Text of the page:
A week before the International Bluegrass Music Association brought its annual convention and music festival to Raleigh for the third consecutive year, six panelists and a banjo-playing host gathered at N.C. State's high-tech Hunt Library to discuss what, exactly, bluegrass is. They also wondered where it might be going.
When most people hear the word "bluegrass," of course, they think banjos and fiddles, mandolins and nasal vocalists. Or maybe they think of hillbillies and Hee Haw, pickin' and grinnin' and O Brother, Where Art Thou?. But these were experts, folks who had, like Charley Pennell, been studying and defining the genre for most of their lives or, in Tommy Edwards' case, playing it long enough to become a local institution.
Led by area impresario Hank Smith, for an audience of several dozen, the panel discussed Raleigh's long-running bluegrass history, from being the former home of Bill Monroe—the patriarch of the genre—to the role of area radio stations in the music's spread. Toward the end of the hour-plus talk, John Teer—who plays fiddle and mandolin in Raleigh's modern stalwart bluegrass-inspired act, Chatham County Line—compared bluegrass to a country club. There were some parameters and qualifications for entry into the bluegrass "club," he explained, but the form could be a gathering place at which people can rally and celebrate and have fun.
Teer's country club metaphor struck a nerve, at least with me. Since its popularization in the late 1940s, bluegrass and its closest stylistic cousins—old-time, country, folk, Americana—have been overwhelmingly dominated by older white men, stereotyped by a reputation for stuffy archaism. And many acts still popular in the genre don't sound so different from their decades-old predecessors. While many musical forms thrive on and pride themselves on change and progress, bluegrass can seem at times to vaunt its own hidebound nature. The clubhouse is off-limits.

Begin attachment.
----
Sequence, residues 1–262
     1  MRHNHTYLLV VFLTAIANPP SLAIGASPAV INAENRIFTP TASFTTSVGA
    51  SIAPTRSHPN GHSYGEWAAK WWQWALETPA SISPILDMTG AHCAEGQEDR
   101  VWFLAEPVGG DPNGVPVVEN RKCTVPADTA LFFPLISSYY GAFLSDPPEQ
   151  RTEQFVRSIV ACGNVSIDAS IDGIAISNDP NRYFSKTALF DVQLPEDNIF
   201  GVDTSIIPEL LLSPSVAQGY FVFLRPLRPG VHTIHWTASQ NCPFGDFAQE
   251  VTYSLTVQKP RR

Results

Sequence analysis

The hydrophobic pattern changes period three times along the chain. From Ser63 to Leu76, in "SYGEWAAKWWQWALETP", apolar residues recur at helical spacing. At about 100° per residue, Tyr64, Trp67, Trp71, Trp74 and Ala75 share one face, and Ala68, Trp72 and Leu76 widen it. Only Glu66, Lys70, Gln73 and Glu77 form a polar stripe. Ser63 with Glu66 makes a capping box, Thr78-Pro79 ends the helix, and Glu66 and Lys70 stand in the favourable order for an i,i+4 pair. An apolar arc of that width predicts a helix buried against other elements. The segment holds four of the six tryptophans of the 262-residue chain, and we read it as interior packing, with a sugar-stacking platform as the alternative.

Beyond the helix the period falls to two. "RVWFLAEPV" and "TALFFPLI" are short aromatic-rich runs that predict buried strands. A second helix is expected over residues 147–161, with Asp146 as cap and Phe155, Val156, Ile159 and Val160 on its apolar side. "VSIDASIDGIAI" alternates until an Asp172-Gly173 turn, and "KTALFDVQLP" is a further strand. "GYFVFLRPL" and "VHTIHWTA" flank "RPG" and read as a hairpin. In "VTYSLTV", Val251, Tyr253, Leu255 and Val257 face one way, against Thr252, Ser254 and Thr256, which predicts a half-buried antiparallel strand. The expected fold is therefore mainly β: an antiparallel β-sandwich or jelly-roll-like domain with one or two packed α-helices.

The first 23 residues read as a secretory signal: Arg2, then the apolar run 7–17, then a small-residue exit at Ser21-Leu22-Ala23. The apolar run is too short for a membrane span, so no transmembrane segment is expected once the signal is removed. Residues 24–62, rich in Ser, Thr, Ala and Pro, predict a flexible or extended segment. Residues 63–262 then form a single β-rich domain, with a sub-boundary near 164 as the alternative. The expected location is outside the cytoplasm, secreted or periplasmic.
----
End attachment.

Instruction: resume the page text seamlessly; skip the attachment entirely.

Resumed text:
But can bluegrass survive indefinitely that way? Can it catch the interests of successive generations if it won't let their new ideas into the fold?
For bluegrass, one hindrance to stylistic expansion is deference to tradition and definition—that is, what is and, perhaps more important, what isn't bluegrass. For some, bluegrass pretty much ends with the likes of Monroe or Lester Flatt and Earl Scruggs. Others are eager to expand and include elements of rock, jam-band improvisation or jazz. This squabbling is hardly new, says Alice Gerrard. In the '60s, Gerrard and Hazel Dickens formed what's widely considered to be the first female-fronted bluegrass group.
"I remember in Bluegrass Unlimited, in the very beginning of that magazine, there was this huge furor with letter-writing back and forth about whether the Osborne Brothers should have drums or electric bass or something in there," she recalls. "It was a heated argument, and that was in the 1960s."
Smith, more than four decades younger than Gerrard, notes the hypocrisy of those who lambast new styles of bluegrass but forget the genre's early reliance on innovation. His electric banjo rig and often-experimental approach to the instrument do not work so well for traditionalists, but that's not the point, he says.